ABOUT THE HOUSE MOUSE

The house mouse is a rodent that is prevalent in Bucks County and throughout Pennsylvania, New Jersey. It is also known as the Common House Mouse and Domestic House Mouse. These mice are highly adaptable to their surroundings. House mice require only a ¼” opening to fit inside of a building. House mice are pests that can contaminate food, spread disease, and cause structural damage.

APPEARANCE

House mice have small, black eyes and large ears. They grow to be anywhere from 5-7” in length, including their hairless tail. Their coloring can range from grey to light brown, and they weigh about a half an ounce.

DIET

House mice prefer to eat cereal grains and seed, even insects; however, they will eat what is available to them in their current environment. They will eat “people” food such as butter, chocolates, bacon, nuts, etc. and any food that is high in sugar or protein. House mice can live without free water for a long period of time, as they obtain their moisture from the food that they eat. A lack of water in their environment will inhibit their breeding potential, so they will drink water where it is available to them.

HABITATS

Since house mice are highly adaptable, they can live almost anywhere. Open fields, commercial properties, farms, homes, farmland, are all suitable environments for the house mouse. When the weather turns colder, however, house mice will move toward more temperate locations such as inside a home or office building.

PROBLEMS WITH HOUSE MICE

House mice can cause structural damage to a building due to their gnawing and their nest-building. This, in turn, causes economic damage by ruining insulation within walls and even electrical components. Their activities can cause a fire hazard and can be expensive to repair.

House mice also contaminate food - human food and food for livestock, resulting in more economic damage and possible disease outbreak. They can cause damage to the containers the food is stored in, as well as other precious items like heirlooms, books, paintings, and important documents that might be stored in an area where they have built a nest (such as a garage, attic, etc). They are highly adept at swimming, gnawing, jumping, and climbing; making it easy for them to build their nest virtually anywhere they are sheltered.

BEHAVIOR

Mice are nocturnal creatures that are endlessly in search of food.  They usually travel no further than thirty feet from their nest to find a food source.  Additionally, they avoid going outdoors unless it is necessary to do so. A female house mouse can have five to ten litters every year, with five to six young in each litter. Baby mice are born three weeks after conception and reach sexual maturity at just six to ten weeks. A house mouse can live to be up to one year old.

HEALTH ISSUES

The average house mouse carries with it a number of health threats that business and homeowners should recognize. These include carrying diseases such as rickettsialpox, lymphocytic choriomeningitis, leptospirosis, tapeworms, ratbite fever, salmonellosis (food poisoning), as well as parasites that cause ringworm.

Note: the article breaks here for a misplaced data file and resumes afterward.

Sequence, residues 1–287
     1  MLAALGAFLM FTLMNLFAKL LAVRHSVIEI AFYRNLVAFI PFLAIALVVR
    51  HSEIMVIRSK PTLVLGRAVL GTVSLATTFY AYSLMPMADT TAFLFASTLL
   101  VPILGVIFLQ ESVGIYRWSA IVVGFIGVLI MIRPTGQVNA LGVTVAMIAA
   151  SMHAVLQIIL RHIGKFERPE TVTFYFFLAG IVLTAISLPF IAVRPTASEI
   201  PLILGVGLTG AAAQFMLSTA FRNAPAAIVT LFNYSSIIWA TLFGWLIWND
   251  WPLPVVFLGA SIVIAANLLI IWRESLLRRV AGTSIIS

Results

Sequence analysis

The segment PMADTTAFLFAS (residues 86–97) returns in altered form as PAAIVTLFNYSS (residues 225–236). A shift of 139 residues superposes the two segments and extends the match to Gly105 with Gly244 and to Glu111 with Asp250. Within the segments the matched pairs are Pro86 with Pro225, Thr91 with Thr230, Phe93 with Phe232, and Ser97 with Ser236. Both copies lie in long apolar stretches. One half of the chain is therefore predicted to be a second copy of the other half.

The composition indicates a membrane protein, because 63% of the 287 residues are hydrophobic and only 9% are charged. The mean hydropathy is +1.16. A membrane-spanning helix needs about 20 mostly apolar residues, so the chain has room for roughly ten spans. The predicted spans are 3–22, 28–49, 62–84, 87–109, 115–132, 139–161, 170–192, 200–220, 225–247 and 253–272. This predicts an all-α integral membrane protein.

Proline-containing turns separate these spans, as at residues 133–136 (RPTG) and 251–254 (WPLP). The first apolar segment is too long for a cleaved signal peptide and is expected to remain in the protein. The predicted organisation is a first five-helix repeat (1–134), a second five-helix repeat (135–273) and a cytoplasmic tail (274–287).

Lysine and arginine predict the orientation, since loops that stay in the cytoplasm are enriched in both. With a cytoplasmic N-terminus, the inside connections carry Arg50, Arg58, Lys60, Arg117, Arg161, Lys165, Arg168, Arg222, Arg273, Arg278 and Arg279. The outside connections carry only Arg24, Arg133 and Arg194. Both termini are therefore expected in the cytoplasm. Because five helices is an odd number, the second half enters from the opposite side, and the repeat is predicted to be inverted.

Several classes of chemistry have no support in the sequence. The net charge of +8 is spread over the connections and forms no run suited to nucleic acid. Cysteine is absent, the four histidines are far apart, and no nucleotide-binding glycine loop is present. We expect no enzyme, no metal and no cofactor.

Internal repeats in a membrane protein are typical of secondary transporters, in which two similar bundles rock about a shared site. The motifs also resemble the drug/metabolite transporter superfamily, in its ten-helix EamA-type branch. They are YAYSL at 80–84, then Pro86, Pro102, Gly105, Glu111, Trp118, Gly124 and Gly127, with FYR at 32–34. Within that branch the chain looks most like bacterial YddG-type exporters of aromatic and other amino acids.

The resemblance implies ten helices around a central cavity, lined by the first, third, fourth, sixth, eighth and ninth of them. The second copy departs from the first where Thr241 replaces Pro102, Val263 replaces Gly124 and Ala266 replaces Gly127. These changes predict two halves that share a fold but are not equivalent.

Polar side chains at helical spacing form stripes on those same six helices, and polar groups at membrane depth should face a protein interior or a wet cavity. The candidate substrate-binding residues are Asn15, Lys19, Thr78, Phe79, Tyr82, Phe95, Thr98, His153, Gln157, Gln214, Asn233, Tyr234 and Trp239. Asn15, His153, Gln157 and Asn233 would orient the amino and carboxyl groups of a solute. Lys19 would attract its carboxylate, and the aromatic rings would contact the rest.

Livestock owners should be aware that the average house mouse can transmit swine dysentery which is also known as “bloody scours.”

Adult males leave microdrops of their urine to mark their territory, and this urine can cause severe allergies in children. Mice can also transport ticks, lice, mites, and fleas into a home or office building.

SIGNS OF A HOUSE MOUSE INFESTATION

The most common method of identifying a house mouse infestation is by the presence of mouse droppings. Mouse droppings are about ¼” long and resemble a grain of dark colored rice. Tracks might also be obvious on dusty surfaces. Homeowners can use flour to see if mice leave tracks. House mice will often leave shredded paper or some other type of fibrous material behind where they have built their nests. Gnaw marks may also be visible on wood, drywall, and storage containers. They also exude a musky odor that is obvious in their presence.

PREVENTION TIPS

The key to prevention is to eliminate what house mice are looking for to survive, namely, food, water and shelter.

• Ensure kitchen, and other food areas are clean. Pick up spills and crumbs, and keep food (both human and pet) in air-tight containers.
• Maintain an environment that is free of clutter and garbage.
• Repair leaky faucets and dripping pipes to prevent attracting mice into the home or business.
• Lawns should stay mowed, and garbage should be hauled away on a regular basis.
• Seal all holes that are larger than the diameter of a pencil.
• Keep storage boxes off of the floor.

HOUSE MOUSE CONTROL

Business and homeowners may set traps to catch mice.  However, it is most likely that this method alone will prove ineffective in eliminating the entire mouse population living on the premises.  In addition, even when the homeowner believes the house mouse infestation may have been eliminated, it is still possible for re-infestation to occur. The holes or cracks where the original mice entered the home are likely to have gone unseen and therefore, not repaired. This is why calling a licensed pest control service is the best way to ensure the proper and complete eradication of a house mouse infestation.

The products and treatments used to effectively eliminate house mice can only be obtained by a professional pest control service.  

READ MORE:


HOUSE MOUSE CONTROL
 
SafeGuard Pest Control, LLC.
© Copyright 1990-2018. 
All Rights Reserved.